And yet another major reason for all the new moms out there to stick with breastfeeding as the main nutrient source for their infants. Breastfeeding is a super power for infants, many studies linking breast feeding to higher eventual intelligence in kids. It is a wealth of nutrients and even protects babies from stomach and ear infections. Breastfeeding, plain and simple, is awesome.
But now it may be even more awesome and this time, for the moms who partake. Of course, breastfeeding can mean a deeper maternal bond, but did you know it might also reduce a mother’s cancer and diabetes risk? According to the Annals of Internal Medicine, this very well could be the case. Researchers studied 1035 women who had delivered one child and also developed gestational diabetes. The study shows that those who breastfed were 50 percent less likely to develop diabetes.
Results: Of 1010 women without diabetes at baseline, 959 (95%) were evaluated up to 2 years later; 113 (11.8%) developed incident DM. There were graded inverse associations for lactation intensity at baseline with incident DM and adjusted hazard ratios of 0.64, 0.54, and 0.46 for mostly formula or mixed/inconsistent, mostly lactation, and exclusive lactation versus exclusive formula feeding, respectively (P trend = 0.016). Time-dependent lactation duration showed graded inverse associations with incident DM and adjusted hazard ratios of 0.55, 0.50, and 0.43 for greater than 2 to 5 months, greater than 5 to 10 months, and greater than 10 months, respectively, versus 0 to 2 months (P trend = 0.007). Weight change slightly attenuated hazard ratios.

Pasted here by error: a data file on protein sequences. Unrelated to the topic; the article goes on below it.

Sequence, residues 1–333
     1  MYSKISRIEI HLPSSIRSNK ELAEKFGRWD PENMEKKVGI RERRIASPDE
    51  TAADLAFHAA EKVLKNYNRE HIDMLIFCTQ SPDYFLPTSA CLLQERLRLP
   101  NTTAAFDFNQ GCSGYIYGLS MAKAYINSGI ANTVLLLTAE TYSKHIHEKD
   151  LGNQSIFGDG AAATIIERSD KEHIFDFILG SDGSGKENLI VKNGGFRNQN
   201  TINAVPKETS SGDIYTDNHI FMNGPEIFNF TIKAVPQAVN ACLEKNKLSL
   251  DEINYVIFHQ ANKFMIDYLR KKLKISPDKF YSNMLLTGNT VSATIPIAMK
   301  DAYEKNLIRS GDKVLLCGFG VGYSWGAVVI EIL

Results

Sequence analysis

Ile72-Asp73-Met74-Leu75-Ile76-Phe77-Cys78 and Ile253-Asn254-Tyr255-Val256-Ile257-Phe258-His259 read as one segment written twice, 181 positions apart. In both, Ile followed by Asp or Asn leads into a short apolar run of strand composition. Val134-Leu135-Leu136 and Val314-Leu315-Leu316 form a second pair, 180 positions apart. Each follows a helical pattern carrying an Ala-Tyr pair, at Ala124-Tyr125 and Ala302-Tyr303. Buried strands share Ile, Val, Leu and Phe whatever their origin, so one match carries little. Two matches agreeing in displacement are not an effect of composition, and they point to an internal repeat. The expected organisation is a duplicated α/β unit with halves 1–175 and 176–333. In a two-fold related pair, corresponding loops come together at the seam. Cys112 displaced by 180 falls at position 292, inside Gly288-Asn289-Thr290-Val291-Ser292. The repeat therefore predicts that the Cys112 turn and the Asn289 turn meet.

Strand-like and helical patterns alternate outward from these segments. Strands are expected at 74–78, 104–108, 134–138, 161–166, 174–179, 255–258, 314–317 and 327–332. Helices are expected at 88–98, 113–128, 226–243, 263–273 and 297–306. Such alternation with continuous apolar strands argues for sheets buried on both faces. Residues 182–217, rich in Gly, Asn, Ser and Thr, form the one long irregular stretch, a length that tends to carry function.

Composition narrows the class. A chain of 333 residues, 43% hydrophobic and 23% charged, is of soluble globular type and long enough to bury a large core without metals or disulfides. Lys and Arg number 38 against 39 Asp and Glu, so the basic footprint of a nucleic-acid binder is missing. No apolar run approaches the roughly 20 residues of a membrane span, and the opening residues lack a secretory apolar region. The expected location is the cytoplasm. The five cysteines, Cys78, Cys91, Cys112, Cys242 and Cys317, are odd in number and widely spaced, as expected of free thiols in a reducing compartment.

Limitation: Randomized design is not feasible or desirable for clinical studies of lactation.
Conclusion: Higher lactation intensity and longer duration were independently associated with lower 2-year incidences of DM after GDM pregnancy. Lactation may prevent DM after GDM delivery.
Another study back in October showed similar results with an aggressive type of cancer know as hormone receptive negative tumors. The reduction was 20%.
Another study published in the Annals of Oncology in October involved an analysis of 37,000 cases of women with breast cancer and found evidence suggesting that those who breastfeed may reduce an aggressive type of cancer called hormone receptive negative tumors by 20 percent. Previous research has shown that breastfeeding may also reduce the risk of ovarian cancer and the evidence of breastfeeding’s protective effects is growing. In fact, the American Academy of Pediatrics states that”each year of breast-feeding has been calculated to result in a 4.3 percent reduction in breast cancer.”
So keep up the breastfeeding ladies, it is actually working for your benefit also!
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